Say It Isn’t So


Ok dear commissioners, let’s say someone tells you they want to take their toys and go home. No matter the reason, they want to leave the league. Or, maybe you have to replace someone for disciplinary reasons. Whatever the scenario, if you need to take action to replace a league member once the season has started, you’re going to need to act quickly. We’re going to talk about steps you can take to make sure you’re as ready as possible. The keys to success:


• Be ready to act

• Maintain full transparency

• Provide for a smooth transition


Everytime You Go Away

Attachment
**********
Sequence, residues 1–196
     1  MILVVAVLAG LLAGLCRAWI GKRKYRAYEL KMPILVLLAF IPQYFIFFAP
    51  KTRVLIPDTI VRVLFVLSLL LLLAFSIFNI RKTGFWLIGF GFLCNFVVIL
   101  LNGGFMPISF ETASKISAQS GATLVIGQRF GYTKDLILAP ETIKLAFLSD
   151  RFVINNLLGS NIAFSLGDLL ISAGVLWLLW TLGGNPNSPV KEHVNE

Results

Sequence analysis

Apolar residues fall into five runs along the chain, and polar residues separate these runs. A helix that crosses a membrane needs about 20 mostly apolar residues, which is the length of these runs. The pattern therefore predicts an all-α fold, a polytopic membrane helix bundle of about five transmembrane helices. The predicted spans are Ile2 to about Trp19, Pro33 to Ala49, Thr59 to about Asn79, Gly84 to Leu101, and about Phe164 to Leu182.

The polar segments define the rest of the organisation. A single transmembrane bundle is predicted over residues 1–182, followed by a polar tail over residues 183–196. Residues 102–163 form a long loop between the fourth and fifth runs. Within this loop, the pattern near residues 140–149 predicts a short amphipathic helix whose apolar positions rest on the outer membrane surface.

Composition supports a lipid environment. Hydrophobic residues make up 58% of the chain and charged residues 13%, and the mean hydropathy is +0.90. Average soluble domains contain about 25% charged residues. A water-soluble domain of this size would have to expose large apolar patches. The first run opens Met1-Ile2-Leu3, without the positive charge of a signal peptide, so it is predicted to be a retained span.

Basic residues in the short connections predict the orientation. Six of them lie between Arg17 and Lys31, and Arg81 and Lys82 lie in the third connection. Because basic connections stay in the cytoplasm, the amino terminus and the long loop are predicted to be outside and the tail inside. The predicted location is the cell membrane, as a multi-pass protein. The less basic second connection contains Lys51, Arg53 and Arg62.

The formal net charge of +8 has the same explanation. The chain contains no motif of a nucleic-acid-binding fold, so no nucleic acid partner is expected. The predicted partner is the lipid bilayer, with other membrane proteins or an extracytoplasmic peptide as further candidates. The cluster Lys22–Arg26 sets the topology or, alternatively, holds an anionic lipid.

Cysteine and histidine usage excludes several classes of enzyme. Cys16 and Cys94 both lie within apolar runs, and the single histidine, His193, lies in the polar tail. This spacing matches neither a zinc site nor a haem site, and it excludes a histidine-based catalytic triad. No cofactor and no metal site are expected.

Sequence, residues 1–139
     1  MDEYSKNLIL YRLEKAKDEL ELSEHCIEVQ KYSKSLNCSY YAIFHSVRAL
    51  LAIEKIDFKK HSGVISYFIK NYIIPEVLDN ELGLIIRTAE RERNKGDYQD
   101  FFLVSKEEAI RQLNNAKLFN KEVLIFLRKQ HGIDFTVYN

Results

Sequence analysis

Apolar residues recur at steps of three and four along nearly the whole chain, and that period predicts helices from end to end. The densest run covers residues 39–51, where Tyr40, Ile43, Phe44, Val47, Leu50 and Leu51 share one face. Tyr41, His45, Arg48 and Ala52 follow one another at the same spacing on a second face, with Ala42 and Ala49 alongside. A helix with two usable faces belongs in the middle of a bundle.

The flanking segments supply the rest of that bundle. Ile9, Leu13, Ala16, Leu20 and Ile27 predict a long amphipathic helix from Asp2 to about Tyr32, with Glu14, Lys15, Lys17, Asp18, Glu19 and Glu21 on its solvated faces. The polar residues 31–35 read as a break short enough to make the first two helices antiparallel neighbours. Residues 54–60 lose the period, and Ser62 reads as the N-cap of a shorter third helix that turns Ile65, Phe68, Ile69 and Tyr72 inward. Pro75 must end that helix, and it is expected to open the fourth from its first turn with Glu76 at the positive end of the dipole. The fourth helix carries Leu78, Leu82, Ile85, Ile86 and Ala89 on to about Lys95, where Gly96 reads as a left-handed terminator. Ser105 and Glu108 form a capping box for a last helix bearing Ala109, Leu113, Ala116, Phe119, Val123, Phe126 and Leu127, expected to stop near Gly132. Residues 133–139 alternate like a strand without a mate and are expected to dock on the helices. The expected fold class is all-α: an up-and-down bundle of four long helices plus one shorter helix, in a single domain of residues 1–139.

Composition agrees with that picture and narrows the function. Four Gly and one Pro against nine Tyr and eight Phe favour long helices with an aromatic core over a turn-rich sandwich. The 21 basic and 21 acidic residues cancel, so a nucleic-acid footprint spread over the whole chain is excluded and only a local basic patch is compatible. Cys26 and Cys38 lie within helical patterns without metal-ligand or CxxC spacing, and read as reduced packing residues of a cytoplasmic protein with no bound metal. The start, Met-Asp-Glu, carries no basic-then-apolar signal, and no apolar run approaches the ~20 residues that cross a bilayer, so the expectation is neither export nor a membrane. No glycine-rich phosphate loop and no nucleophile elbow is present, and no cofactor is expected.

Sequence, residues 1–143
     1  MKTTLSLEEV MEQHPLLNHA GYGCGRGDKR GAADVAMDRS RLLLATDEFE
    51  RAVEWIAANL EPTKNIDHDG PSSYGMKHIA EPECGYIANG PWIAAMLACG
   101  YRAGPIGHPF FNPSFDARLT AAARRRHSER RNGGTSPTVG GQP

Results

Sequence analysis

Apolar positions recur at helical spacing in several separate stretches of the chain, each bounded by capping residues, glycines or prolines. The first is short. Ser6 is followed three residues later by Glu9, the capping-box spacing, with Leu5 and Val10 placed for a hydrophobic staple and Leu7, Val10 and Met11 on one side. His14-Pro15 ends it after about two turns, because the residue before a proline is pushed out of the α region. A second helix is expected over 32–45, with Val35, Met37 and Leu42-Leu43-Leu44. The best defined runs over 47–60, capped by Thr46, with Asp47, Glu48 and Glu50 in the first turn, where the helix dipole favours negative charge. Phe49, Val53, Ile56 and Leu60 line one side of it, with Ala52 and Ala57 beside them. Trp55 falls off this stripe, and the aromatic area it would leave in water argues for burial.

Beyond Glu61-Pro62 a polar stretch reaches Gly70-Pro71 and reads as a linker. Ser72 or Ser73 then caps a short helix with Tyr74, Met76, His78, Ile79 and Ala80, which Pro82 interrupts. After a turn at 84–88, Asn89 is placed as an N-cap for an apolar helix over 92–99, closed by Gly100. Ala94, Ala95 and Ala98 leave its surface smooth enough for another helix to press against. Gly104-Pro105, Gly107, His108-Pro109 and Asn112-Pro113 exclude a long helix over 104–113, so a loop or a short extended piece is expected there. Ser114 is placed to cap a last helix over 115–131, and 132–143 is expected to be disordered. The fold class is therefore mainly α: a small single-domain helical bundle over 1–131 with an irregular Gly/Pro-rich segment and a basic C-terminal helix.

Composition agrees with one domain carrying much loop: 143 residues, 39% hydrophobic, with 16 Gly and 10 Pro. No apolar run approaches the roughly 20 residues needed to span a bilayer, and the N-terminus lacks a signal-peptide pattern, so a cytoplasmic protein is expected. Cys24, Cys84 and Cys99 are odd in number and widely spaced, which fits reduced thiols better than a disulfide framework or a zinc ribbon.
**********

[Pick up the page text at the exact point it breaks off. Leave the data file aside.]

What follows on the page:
Some commissioners may choose to make the process a solitary venture when it comes to replacing a league member. However, the letter writer above, got help from the members of their league. Whatever you choose, consider having written rules in place that explain the procedure in detail. For instance, how will the new member be chosen? Will only you, the commissioner, decide who the new member will be? Will the departing manager get to suggest or find their own replacement? Will the final decision for selecting a new member be made by a majority vote? Whether they’re taking part in the replacement process or not, everyone will already know the methods that you will use to replace the old manager. In other words, there will be no surprises: no one can say they “didn’t know.” Having a blueprint to follow, and sticking to the established rules that’s been set will make the task much easier. In lieu of a written guide, the alternative would be to make sure to openly communicate with the league what your intentions are, and maybe providing periodic updates if the search gets drawn out. This style choice will probably work best in more mature leagues. Yup, we’re talking being transparent in your actions.